PA AG urges Biden Administration to revise contraceptive coverage rules

A coalition of 22 states, led by Pennsylvania Attorney General Michelle Henry, has urged the Biden Administration to significantly revise rules from the previous Administration that left individuals without contraceptive coverage who otherwise should have been entitled to complete coverage under the Affordable Care Act (ACA). Those rules, issued in 2017 and 2018, added broad exemptions that allowed nearly all types of employers to deny birth control coverage to their employees based on religious or moral objections.

The ACA’s contraceptive coverage mandate was signed into law in 2010 to correct historic inequities in women’s health care. It required all employers and sponsors of health plans to cover the cost of preventive services necessary for women’s health, including contraceptive services. Studies have shown that access to contraceptive care supports individuals’ ability to control their reproductive health, and promotes access to education, jobs, and financial empowerment.

After the Trump Administration issued broad religious and moral exemptions that allowed employers to stop providing contraceptive coverage if they had religious or moral objections, between 70,500 and 126,400 women are estimated to have lost birth control coverage.

Biden Administration’s proposal

In February this year, the Biden Administration proposed new regulations to correct these problems. The proposed regulation would rescind the moral exemption rule, retain the religious exemption rule, and create an Individual Contraceptive Arrangement (ICA) to ensure that patients enrolled in health plans or coverage sponsored by objecting entities would still have the opportunity to obtain contraceptive services at no cost.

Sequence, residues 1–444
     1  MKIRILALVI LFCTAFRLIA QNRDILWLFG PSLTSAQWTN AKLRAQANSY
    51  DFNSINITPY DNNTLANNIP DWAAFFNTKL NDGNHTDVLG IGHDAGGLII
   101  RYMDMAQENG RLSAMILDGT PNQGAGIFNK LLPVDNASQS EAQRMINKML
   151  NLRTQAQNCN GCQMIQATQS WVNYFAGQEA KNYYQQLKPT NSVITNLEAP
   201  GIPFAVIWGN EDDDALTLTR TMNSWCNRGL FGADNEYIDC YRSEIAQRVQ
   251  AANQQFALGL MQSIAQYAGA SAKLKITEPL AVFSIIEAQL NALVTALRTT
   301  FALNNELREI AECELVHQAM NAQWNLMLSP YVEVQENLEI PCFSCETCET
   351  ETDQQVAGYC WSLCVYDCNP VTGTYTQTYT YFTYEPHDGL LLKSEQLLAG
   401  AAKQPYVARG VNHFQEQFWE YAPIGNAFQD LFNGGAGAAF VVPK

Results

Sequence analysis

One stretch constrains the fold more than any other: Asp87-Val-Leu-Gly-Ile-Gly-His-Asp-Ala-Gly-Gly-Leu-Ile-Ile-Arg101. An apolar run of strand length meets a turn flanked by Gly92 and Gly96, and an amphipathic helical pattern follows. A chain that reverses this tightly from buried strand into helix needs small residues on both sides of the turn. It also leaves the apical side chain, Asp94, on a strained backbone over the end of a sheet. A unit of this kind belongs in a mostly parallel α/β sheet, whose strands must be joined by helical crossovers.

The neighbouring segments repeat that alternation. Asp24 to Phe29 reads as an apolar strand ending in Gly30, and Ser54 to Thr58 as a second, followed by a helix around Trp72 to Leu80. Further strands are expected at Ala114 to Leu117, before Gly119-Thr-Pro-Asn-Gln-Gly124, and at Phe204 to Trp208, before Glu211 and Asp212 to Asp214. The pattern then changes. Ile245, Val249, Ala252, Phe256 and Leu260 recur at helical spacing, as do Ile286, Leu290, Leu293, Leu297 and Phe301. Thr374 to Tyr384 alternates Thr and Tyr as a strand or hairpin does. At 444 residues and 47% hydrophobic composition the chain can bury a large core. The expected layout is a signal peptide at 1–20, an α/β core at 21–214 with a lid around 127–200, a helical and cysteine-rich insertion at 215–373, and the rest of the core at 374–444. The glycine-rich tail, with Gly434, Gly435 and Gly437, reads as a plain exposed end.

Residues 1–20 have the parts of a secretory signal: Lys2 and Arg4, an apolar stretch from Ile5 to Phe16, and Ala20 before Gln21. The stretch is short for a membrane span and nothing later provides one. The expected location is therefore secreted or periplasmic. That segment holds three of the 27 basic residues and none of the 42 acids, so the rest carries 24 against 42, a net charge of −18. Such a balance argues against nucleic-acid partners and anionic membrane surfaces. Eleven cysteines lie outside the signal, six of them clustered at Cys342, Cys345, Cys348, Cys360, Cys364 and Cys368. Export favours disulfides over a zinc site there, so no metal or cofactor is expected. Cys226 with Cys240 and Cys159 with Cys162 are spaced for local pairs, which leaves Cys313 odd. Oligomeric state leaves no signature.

Coalition’s letter to Biden Administration

In the letter, addressed to U.S. Health and Human Services Secretary Xavier Becerra, U.S. Treasury Secretary Janet Yellen, and Acting U.S. Labor Secretary Julie Su, the coalition of Attorneys General welcome the Biden Administration proposal to restore access to cost-free contraceptive coverage for all Americans. The coalition letter further supports rescinding the moral exemption, and urges the Biden Administration to narrow the religious exemption and make necessary improvements to the ICA.

The coalition of Attorneys General highlighted that expanding access to birth control would help people live healthy, happy, and empowered lives. They also urged the Biden Administration to expand the ICA to include a wider spectrum of individuals who are excluded from contraceptive coverage, carry out a publicity and outreach campaign to inform patients and providers about the ICA and help them enroll in it, and provide additional protections to secure patients’ privacy, safeguard them from retaliation, and create a process for contesting medical bills.

The coalition of Attorneys General includes Arizona, California, Colorado, Connecticut, Delaware, Hawaii, Illinois, Maine, Maryland, Massachusetts, Michigan, Minnesota, Nevada, New Jersey, New York, North Carolina, Oregon, Pennsylvania, Rhode Island, Vermont, Washington, and the District of Columbia.


Gale L Mellott obituary 1948~2023

Born on February 13, 1948, Gale was an avid hunter. He enjoyed woodworking and camping. Services will be private at the convenience of family.